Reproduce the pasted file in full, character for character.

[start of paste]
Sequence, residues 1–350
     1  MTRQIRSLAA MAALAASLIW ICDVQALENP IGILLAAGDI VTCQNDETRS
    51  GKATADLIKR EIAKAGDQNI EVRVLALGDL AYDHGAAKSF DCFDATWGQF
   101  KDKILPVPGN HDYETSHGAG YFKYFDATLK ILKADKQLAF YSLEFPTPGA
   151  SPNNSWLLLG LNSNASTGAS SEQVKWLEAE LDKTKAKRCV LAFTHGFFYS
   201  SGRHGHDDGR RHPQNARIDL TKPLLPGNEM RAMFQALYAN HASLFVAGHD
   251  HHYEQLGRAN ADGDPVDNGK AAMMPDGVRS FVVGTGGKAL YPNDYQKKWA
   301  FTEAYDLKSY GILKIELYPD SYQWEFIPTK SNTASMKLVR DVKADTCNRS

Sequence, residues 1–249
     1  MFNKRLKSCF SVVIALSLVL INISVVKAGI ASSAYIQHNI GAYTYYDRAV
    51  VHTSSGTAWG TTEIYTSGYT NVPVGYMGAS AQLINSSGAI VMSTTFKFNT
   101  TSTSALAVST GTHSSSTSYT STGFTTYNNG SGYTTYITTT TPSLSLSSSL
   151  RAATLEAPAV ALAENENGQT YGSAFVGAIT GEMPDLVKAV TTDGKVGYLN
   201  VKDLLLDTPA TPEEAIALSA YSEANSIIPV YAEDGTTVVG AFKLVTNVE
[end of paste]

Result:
Sequence, residues 1–350
     1  MTRQIRSLAA MAALAASLIW ICDVQALENP IGILLAAGDI VTCQNDETRS
    51  GKATADLIKR EIAKAGDQNI EVRVLALGDL AYDHGAAKSF DCFDATWGQF
   101  KDKILPVPGN HDYETSHGAG YFKYFDATLK ILKADKQLAF YSLEFPTPGA
   151  SPNNSWLLLG LNSNASTGAS SEQVKWLEAE LDKTKAKRCV LAFTHGFFYS
   201  SGRHGHDDGR RHPQNARIDL TKPLLPGNEM RAMFQALYAN HASLFVAGHD
   251  HHYEQLGRAN ADGDPVDNGK AAMMPDGVRS FVVGTGGKAL YPNDYQKKWA
   301  FTEAYDLKSY GILKIELYPD SYQWEFIPTK SNTASMKLVR DVKADTCNRS

Sequence, residues 1–249
     1  MFNKRLKSCF SVVIALSLVL INISVVKAGI ASSAYIQHNI GAYTYYDRAV
    51  VHTSSGTAWG TTEIYTSGYT NVPVGYMGAS AQLINSSGAI VMSTTFKFNT
   101  TSTSALAVST GTHSSSTSYT STGFTTYNNG SGYTTYITTT TPSLSLSSSL
   151  RAATLEAPAV ALAENENGQT YGSAFVGAIT GEMPDLVKAV TTDGKVGYLN
   201  VKDLLLDTPA TPEEAIALSA YSEANSIIPV YAEDGTTVVG AFKLVTNVE